Taking the ferry to Tasmania is an epic adventure in itself. Here’s what to expect onboard the Spirit to Tasmania, which travels between Geelong and Devonport.
Are you thinking of catching the ferry from Melbourne to Tasmania? It’s definitely a journey worth doing.
A more sustainable way of travelling, it’s also a lot of fun and can add an extra element of excitement to your trip to Tasmania.
Read on to find out what it’s like to catch the Spirit of Tasmania to Devonport.
You’ll discover the best time to travel on the Spirit and whether you should reserve a cabin as part of your ticket.
The ferry to Tasmania: Onboard the Spirit
Ships passing in the night
There are two ships that service the passage from Victoria to Tasmania – the Spirit of Tasmania I and II.
Excitingly, there are two new ships being built, which will be called Spirit of Tasmania IV and Spirit of Tasmania V. Not sure what ever happened to the Spirit III. Anyway, these two new ships will replace the existing fleet in 2024.
These Finnish beauties run routes during the day and night (more nights than days) and the Bass Strait (the strip of ocean between the two states) takes 11 hours to cross in winter and 9 in the summer.
I don’t know why – I assume it’s something to do with science.
It takes the full 11 hours to sail across the Strait in late April, which is when I made the journey.
Although the ferry to Tasmania used to depart from Port Melbourne, as of late 2022 the departure point is Geelong.
When I caught the Spirit, it departed from Port Melbourne.
I was originally travelling with a friend and so booked a cabin. They bailed and I ended up keeping the cabin. I had four days of driving ahead of me on this trap, so don’t regret doing this in the slightest.
Here’s what it’s like to catch the ferry to Tasmania.
Getting onboard the Spirit
The boat was scheduled to disembark at 7.30pm and the website advises that you arrive 45 minutes before the departure time.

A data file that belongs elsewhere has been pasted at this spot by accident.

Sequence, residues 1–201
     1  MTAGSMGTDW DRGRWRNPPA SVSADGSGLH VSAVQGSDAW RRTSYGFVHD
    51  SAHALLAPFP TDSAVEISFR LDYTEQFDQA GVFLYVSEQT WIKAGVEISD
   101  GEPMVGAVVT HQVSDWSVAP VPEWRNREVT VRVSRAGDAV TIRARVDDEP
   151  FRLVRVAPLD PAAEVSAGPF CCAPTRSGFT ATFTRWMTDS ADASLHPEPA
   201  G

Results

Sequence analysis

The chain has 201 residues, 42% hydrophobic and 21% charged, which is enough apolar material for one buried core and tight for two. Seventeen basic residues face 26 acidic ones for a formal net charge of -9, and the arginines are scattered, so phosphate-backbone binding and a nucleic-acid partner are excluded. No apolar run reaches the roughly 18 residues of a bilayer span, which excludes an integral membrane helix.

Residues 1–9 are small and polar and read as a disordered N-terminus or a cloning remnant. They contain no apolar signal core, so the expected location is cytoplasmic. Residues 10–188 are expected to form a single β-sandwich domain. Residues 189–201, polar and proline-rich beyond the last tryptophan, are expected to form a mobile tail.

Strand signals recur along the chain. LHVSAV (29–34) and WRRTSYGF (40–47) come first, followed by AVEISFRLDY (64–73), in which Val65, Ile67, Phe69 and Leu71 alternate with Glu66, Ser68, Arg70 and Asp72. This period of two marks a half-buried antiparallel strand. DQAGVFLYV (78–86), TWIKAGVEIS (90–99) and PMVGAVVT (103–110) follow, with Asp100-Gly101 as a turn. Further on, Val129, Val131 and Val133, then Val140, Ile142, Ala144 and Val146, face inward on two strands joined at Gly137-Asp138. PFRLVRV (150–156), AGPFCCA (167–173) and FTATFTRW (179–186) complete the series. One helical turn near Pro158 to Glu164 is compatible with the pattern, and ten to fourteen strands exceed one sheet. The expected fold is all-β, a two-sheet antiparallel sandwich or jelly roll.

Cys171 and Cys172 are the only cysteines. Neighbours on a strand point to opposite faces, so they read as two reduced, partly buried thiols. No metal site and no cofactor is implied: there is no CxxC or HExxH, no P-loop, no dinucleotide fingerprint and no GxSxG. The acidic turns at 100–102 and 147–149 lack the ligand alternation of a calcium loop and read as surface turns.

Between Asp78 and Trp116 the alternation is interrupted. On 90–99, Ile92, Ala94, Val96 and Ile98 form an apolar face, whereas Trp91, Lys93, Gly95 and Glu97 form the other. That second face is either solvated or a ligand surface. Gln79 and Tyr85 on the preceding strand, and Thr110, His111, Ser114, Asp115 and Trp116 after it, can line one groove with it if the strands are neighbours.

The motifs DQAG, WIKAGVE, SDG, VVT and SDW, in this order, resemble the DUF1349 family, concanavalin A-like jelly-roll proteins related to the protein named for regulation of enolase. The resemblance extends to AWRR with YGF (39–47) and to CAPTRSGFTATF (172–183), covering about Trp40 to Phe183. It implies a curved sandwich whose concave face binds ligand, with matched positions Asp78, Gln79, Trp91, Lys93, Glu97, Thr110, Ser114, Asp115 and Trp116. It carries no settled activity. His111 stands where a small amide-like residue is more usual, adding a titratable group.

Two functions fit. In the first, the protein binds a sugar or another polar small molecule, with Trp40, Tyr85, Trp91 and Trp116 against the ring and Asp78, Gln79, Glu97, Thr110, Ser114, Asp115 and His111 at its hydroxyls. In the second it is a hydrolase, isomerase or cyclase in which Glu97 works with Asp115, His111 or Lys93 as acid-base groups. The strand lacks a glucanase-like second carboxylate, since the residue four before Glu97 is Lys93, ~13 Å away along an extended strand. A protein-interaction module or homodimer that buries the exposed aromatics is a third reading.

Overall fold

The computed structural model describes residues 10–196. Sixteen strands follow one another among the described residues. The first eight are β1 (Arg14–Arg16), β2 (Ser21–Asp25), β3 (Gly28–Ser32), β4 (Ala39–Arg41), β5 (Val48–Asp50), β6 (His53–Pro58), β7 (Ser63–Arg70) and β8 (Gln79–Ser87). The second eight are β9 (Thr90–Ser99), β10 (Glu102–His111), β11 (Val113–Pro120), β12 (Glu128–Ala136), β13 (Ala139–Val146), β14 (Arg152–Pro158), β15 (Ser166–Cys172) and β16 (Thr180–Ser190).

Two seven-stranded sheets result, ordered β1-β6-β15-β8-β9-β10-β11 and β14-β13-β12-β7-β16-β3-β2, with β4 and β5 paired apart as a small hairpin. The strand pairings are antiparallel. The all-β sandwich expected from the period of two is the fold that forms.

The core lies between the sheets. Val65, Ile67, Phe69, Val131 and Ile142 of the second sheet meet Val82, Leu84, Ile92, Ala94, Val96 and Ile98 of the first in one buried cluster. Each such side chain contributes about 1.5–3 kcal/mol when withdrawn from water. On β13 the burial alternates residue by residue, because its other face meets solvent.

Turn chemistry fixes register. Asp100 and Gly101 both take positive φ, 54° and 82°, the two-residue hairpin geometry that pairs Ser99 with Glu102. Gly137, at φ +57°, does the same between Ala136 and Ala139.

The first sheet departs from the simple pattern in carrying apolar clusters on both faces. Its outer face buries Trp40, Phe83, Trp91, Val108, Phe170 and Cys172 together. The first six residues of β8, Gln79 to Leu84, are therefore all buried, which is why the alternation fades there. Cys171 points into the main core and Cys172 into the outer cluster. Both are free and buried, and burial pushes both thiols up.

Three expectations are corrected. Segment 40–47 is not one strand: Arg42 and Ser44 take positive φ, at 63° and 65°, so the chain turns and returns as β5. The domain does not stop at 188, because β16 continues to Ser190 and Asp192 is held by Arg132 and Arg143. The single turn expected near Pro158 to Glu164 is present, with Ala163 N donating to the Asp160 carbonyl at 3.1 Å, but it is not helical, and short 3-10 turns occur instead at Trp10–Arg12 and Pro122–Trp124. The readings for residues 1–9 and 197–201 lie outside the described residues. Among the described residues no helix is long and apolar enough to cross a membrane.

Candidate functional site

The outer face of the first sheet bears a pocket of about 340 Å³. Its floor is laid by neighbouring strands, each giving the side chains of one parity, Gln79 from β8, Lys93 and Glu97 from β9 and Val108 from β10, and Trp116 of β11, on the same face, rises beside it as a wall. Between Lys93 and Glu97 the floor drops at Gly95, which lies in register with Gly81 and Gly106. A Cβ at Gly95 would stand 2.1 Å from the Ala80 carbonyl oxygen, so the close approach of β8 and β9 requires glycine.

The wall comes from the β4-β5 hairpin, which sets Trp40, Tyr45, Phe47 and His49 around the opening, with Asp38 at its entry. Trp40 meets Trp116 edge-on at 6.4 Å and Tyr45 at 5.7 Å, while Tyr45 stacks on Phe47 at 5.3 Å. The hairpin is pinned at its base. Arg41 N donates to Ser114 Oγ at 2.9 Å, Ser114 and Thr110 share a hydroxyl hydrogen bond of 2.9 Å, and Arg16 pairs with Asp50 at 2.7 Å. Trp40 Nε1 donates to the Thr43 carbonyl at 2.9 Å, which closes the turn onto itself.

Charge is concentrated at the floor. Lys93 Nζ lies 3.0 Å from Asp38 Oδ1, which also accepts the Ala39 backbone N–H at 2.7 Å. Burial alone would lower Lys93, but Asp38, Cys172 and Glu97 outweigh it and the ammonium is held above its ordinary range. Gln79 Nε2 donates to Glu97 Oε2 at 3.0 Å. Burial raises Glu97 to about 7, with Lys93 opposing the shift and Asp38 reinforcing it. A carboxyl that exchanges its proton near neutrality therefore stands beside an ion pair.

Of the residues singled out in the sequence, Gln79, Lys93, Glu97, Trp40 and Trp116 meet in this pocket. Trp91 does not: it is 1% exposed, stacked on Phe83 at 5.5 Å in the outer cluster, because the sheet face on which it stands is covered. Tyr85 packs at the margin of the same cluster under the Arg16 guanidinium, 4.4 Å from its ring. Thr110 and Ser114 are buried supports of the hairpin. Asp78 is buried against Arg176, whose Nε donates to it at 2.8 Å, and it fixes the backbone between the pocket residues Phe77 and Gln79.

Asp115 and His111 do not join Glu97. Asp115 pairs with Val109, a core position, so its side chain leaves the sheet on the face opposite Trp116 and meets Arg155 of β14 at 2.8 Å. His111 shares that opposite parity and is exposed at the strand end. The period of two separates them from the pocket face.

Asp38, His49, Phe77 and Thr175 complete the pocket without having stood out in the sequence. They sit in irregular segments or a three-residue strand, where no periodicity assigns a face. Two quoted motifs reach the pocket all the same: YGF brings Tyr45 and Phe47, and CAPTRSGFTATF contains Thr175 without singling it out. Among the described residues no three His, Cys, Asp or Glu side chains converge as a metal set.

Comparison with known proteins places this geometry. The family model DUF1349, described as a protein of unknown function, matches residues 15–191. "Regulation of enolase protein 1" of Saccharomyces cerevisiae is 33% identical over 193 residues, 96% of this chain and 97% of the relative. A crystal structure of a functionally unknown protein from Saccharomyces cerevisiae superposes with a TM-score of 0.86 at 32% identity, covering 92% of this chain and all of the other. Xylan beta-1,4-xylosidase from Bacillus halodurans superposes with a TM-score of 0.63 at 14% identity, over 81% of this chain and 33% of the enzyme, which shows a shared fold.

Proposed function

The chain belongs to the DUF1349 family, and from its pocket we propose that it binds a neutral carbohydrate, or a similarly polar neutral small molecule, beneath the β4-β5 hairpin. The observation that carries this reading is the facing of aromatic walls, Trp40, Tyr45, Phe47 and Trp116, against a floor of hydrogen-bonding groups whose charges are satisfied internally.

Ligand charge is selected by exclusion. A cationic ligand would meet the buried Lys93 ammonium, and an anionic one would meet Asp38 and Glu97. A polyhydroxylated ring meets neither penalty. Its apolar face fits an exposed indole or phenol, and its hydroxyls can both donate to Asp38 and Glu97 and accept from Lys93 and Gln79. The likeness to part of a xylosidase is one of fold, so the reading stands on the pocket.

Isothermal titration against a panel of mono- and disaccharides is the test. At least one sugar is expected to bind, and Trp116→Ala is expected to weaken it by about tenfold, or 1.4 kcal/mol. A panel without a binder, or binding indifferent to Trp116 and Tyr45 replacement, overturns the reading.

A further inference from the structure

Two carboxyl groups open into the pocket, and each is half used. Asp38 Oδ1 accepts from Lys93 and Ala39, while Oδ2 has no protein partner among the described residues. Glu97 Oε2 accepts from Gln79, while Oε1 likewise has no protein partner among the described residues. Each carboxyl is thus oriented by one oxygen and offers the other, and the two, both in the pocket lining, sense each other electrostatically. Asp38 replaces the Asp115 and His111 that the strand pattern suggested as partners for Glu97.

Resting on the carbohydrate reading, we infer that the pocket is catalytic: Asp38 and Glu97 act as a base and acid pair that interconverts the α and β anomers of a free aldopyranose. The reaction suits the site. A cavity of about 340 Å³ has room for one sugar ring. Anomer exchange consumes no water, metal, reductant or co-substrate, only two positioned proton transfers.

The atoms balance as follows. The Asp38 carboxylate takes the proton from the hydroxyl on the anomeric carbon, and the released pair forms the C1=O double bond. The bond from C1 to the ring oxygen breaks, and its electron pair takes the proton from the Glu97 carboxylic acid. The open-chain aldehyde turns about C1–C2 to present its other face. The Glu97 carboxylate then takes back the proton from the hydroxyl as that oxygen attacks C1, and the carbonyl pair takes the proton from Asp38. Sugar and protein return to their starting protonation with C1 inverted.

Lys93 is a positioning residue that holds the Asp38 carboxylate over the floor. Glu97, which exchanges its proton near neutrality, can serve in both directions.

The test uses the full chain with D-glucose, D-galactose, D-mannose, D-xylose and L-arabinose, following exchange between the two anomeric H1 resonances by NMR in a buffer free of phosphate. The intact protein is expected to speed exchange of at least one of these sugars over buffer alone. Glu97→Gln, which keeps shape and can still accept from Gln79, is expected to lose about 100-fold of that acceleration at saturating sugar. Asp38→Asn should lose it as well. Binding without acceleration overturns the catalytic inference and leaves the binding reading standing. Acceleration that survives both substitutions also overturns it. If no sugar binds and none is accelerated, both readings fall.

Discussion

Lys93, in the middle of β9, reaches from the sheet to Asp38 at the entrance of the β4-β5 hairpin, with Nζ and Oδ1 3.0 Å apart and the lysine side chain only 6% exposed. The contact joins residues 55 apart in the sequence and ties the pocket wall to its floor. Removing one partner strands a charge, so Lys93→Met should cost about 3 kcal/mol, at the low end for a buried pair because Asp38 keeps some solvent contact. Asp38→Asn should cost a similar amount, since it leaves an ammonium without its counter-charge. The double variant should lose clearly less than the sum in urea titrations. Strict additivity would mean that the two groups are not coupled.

I have a deep mistrust of public transport (which I was taking from my house in the north of the city to Port Melbourne) and arrived at 6pm. Better safe than stranded, as the age old adage goes.
After strolling on board, I dropped my stuff in my allocated cabin and wandered around the ship, wondering what to do next.
The ferries each have a restaurant, gift/snack shop, bar, cinema, pokies, lounge and play area for kids, so it’s not really possible to be bored.
After having a little poke around the gift shop and buying some postcards, I decided that I’d head to TMK (Tasmanian Market Kitchen, the restaurant onboard) for a meal, before settling down with a glass of wine and my book.
Dinner onboard the ship costs $27.50 AUD for an adult, but it’s a buffet style meal and there’s a pretty decent array of food on offer.
I paid a little extra for an oyster, because I can never say no to oysters.
After this massive feed, I still had room somehow for wine, so I bought a small bottle from the restaurant (which was enough to fill two glasses, so perfect) and settled down with my book.
Should you book a cabin on the Spirit of Tasmania?